Whether you're interested in keeping up with a plant's maintenance, or just using it for decorative purposes, there are ways to garden inexpensively and easily.
If you want best of both worlds-gorgeous flowers with little maintenance-Catalino suggests peace lilies and geraniums. "But most of the flowering plants are seasonal, so they may not last long," she warns.
If your classes, your part-time job and your bustling social life leave you very few moments of valuable garden-care time, choose a low-maintenance plant.
Melissa Parent, a junior TV/video major and an employee at Exotic Flowers in Faneuil Hall, said, "The hardest things to kill are bamboo, pothos plants and cactuses, because they don't take a lot of maintenance and they can handle low lighting. [Cactuses need more sun]. They hardly need to be watered though. You could basically just neglect a cactus."
Another way to make your room more flora-friendly is to use a terrarium, or an old fish tank, according to an Indoor Gardening Web site at webterrace.com. By using a container, you can allow different species of plants to grow close together to save space.
The closed glass allows for a lesser amount of lighting, even though some kind of artificial lighting, such as the fluorescent lights on a fish tank, is preferred if you can't place the plants near a window. Too much light will actually overheat and fog the container, according to Parry, so be careful.
Picking a container is easy, and often inexpensive. Ten- or twenty-gallon fish tanks are perfect, as well as smaller, one or two-gallon plastic tanks, which are available at pet stores and Amazon.com for around $20.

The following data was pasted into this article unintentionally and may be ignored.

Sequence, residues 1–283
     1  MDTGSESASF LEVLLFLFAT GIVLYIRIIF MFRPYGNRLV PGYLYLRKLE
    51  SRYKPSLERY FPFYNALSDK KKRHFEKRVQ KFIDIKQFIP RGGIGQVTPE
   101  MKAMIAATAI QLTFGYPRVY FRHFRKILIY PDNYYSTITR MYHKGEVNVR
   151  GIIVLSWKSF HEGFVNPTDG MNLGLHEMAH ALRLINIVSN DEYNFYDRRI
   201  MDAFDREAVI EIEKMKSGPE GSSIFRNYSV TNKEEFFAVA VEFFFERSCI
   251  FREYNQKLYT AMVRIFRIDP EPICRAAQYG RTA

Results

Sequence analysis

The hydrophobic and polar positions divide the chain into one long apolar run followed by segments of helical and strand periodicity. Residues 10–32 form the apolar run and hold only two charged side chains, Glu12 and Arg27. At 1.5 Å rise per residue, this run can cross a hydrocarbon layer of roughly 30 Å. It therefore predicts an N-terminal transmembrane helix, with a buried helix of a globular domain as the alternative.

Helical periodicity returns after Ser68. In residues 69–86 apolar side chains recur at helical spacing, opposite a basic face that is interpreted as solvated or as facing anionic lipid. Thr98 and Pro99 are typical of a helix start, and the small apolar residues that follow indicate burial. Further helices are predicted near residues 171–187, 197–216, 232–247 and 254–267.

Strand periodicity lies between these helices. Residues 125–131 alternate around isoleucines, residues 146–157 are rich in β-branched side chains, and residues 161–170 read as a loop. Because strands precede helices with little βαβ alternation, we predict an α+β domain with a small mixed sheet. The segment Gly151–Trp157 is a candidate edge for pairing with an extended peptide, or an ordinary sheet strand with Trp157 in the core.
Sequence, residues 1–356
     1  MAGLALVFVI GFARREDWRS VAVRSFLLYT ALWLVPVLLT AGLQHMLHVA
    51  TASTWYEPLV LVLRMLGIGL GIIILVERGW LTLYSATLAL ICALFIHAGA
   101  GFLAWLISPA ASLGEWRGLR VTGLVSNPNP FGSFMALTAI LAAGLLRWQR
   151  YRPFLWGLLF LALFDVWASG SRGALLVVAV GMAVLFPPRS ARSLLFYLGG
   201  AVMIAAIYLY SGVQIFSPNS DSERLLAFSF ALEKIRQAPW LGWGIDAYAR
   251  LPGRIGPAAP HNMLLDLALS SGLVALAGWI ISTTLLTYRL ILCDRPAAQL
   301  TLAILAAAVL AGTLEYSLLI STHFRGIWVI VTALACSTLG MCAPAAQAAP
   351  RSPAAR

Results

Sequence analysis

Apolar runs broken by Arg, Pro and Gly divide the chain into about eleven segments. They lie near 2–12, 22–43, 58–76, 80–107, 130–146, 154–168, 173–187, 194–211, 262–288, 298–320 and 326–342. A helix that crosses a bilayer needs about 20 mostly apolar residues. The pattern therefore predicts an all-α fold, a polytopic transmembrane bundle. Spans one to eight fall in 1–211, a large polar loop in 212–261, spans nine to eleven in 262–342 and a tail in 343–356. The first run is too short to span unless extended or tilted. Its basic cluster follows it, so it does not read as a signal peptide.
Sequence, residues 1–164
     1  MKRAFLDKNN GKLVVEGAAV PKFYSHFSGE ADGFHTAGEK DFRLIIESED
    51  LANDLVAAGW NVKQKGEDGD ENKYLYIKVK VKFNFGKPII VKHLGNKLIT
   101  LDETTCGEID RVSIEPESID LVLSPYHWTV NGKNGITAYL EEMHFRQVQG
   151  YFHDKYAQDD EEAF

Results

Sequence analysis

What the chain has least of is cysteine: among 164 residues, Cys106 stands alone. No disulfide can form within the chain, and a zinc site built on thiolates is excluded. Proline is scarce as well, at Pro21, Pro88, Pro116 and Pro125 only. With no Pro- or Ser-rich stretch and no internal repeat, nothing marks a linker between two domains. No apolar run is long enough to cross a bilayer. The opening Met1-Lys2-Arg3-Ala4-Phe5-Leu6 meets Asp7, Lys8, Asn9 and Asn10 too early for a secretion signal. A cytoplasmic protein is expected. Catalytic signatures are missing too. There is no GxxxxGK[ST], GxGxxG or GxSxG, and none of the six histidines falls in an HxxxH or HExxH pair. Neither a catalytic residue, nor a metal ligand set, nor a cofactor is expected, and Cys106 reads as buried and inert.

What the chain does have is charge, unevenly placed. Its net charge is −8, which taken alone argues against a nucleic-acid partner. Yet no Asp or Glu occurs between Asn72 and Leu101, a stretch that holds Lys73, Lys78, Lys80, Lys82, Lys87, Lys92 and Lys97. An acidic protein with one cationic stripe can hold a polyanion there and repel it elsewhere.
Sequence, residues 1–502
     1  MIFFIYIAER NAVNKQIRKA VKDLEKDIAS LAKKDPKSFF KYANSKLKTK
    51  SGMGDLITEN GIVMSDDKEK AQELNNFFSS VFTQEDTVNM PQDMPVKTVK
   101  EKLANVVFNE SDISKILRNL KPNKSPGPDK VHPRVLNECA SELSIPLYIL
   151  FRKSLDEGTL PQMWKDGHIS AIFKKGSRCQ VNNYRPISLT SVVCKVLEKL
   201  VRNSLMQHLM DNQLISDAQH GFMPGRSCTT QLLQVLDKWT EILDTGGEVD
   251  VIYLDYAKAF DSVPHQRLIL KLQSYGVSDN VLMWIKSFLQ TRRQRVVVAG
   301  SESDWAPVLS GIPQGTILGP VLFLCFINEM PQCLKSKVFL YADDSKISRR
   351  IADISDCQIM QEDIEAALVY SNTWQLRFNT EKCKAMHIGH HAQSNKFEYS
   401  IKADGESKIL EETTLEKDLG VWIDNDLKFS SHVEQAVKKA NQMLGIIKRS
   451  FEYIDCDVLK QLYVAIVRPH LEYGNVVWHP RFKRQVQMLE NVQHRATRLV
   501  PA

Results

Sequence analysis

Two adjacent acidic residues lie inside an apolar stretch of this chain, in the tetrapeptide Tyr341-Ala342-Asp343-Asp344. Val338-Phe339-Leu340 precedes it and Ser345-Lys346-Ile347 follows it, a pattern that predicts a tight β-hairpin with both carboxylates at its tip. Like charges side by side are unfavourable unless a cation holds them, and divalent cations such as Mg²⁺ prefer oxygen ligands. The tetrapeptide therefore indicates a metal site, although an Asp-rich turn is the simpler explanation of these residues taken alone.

It all depends how much you want to grow. Start by washing the tank and lining the bottom with at least two inches of gravel or sand for drainage. Then add a layer of horticulture charcoal, which can be found at any greenhouse. Lastly, add a significant layer of soil mix or potting soil.
Altogether, a bag of gravel, charcoal and soil shouldn't cost more than $15-$25.
When you are keeping plants in a terrarium, you need to make sure that each kind is similar in its need for light, moisture and soil type.
Usually, you can't go wrong in placing tropical or sub-tropical plants in a tank, because they grow naturally in the heat and humidity that the closeness produces. Some easy-to-maintain tropical plants include creeping figs, parlor palms and ivies. A piece of driftwood can serve as a vertical post for ivies to grow on.
If you're looking for a woodsier appeal, try mosses, ferns or partridgeberries. It's better to buy these from plant stores and greenhouses, however, because it is uncertain what bugs or bacteria you might be bringing into your tank if you take them from the ground.